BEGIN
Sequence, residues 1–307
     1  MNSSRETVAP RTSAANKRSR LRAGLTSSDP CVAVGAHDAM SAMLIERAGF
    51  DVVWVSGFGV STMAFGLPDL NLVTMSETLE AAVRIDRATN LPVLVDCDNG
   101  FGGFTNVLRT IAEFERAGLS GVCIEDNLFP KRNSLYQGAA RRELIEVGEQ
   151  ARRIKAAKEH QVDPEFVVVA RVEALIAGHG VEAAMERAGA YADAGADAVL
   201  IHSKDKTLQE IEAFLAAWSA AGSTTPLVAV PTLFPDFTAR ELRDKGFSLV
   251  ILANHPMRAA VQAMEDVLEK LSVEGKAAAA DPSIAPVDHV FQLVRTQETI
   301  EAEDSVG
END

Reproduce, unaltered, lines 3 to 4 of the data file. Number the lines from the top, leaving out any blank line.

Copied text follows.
    51  DVVWVSGFGV STMAFGLPDL NLVTMSETLE AAVRIDRATN LPVLVDCDNG
   101  FGGFTNVLRT IAEFERAGLS GVCIEDNLFP KRNSLYQGAA RRELIEVGEQ